Letters from World War I

Sergeant Edwin G. Frick to his mother

Refer to caption
Troops boarding a transport ship, 1917
Courtesy US Army Heritage and Education Center


Courtesy Center for American War Letters Archives, Leatherby Libraries, Chapman University, CA
The young sergeant completed training in his home state. Readying to ship out, he quickly penned this short note to calm his family’s fears. His positive outlook was buoyed by the good reputation of his fellow soldiers in the 36th Division, Army National Guard from Texas and Oklahoma. His reference to the enemy as “beasts” perpetuated the characterization of Germans that dated from the earliest days of the war.

one page of a hand-written letter


[envelope] July 17, 1918 [postmark]

Mrs. J. Frick 1314 Peabody Ave. Dallas Texas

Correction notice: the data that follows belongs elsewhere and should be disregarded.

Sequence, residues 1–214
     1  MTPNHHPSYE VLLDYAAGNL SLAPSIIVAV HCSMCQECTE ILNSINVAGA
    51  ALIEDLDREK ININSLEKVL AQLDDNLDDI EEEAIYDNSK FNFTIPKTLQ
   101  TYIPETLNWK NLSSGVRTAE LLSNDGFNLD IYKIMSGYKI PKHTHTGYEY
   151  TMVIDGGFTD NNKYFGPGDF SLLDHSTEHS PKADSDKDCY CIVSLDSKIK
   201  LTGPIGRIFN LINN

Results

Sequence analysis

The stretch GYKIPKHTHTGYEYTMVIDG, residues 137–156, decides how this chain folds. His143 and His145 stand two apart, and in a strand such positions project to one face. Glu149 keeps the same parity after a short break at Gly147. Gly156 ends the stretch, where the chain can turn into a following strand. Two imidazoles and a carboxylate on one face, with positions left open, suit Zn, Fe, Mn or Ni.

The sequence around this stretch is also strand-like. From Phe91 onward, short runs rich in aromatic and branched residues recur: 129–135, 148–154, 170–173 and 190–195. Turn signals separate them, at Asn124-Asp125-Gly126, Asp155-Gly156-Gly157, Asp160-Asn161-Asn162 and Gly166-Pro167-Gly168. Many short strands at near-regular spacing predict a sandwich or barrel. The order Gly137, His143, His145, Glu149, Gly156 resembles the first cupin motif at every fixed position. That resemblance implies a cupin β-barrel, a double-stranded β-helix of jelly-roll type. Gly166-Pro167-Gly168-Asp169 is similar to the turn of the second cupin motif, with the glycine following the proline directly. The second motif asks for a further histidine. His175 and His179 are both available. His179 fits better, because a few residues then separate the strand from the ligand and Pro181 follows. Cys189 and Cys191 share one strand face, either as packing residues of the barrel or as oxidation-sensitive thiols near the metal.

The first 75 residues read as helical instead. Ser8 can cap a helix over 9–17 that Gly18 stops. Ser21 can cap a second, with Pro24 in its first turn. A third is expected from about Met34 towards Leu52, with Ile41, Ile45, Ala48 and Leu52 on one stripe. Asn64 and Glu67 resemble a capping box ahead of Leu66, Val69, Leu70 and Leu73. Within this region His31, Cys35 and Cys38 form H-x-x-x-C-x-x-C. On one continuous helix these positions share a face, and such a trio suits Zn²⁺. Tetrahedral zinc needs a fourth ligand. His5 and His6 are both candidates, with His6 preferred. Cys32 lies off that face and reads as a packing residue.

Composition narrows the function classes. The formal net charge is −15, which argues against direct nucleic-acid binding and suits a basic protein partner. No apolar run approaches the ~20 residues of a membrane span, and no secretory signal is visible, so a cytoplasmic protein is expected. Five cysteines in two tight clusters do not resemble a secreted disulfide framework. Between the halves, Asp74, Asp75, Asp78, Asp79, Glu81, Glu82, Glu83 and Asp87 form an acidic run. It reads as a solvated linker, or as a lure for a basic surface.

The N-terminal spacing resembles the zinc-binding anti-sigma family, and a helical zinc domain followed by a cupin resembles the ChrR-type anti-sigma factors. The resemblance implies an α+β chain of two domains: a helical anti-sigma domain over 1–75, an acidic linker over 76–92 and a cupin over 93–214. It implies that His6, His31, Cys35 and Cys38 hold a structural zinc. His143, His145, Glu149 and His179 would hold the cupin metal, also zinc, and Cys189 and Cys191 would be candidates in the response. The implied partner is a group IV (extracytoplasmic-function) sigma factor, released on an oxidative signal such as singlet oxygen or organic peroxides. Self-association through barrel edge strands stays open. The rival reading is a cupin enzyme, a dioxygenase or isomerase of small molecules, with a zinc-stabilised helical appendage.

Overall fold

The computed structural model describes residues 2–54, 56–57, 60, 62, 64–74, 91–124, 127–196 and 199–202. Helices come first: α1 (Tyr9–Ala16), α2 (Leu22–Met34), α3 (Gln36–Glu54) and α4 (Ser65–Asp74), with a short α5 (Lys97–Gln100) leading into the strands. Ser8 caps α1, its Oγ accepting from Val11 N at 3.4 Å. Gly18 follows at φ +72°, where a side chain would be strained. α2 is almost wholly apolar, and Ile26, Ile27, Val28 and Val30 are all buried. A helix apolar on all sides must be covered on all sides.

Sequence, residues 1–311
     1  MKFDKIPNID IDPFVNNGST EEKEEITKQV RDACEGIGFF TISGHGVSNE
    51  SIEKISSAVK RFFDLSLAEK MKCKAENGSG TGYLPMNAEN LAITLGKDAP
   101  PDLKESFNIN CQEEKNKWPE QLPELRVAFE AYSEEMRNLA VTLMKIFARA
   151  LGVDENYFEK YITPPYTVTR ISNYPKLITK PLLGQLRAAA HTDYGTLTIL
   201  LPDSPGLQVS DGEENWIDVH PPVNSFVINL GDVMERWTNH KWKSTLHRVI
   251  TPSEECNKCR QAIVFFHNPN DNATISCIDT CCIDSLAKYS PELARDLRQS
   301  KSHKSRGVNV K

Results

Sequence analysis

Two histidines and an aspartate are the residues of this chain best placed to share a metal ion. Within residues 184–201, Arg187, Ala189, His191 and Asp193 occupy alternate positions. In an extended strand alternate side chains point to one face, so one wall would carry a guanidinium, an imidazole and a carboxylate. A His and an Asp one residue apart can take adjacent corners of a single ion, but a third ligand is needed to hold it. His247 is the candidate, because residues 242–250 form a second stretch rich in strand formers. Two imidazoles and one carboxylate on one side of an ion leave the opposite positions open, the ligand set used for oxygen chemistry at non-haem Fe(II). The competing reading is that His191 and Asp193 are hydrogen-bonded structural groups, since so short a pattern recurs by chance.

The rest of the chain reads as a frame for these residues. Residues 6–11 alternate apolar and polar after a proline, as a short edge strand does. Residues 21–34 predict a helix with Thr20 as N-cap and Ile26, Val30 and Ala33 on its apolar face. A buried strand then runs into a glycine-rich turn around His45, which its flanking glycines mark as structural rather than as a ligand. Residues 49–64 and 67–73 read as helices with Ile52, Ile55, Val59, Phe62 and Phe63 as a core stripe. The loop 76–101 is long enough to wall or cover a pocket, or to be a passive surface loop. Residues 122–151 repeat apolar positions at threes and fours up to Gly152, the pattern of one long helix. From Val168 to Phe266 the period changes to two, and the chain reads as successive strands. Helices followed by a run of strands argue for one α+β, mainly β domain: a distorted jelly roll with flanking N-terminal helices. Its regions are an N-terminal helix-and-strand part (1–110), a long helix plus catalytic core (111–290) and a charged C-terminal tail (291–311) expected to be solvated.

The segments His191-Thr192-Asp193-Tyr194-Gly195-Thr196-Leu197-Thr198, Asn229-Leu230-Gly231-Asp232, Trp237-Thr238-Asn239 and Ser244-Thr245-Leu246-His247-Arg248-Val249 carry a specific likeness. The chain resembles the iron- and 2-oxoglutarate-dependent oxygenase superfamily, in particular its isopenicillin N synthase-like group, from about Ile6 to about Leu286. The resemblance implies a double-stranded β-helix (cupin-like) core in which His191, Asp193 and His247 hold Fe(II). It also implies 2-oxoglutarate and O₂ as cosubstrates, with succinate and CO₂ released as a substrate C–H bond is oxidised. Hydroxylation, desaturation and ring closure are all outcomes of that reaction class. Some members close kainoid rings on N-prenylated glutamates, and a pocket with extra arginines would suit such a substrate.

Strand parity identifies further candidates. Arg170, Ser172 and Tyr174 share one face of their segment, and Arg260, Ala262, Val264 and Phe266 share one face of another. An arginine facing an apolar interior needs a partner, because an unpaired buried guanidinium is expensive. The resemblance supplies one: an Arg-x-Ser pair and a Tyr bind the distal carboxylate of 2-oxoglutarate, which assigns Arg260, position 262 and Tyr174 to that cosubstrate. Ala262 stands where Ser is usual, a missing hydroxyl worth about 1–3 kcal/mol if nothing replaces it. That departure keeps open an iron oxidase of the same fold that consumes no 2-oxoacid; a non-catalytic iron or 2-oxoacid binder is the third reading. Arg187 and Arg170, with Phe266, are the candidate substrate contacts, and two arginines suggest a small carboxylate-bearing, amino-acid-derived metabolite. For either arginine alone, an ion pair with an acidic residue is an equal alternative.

[letter] Tuesday 5:30 am

Dearest Mother and folks,

Well Mother, I am gone now. You will get a card stating I landed safe in France. You will perhaps here from me in 20 days. Let Neeta know, as soon as you get my card.

Don't worry about me, I am happy, safe and coming back, as soon as the beasts are no more.

I can't tell you [page break] how long it will take to get over.

Mamma, Texas is the state that has won recognition all over. The soldiers [underlined in original] come from there.

Goodbye to all of you, and when all is well, well I'll be there,



My Fellow Soldiers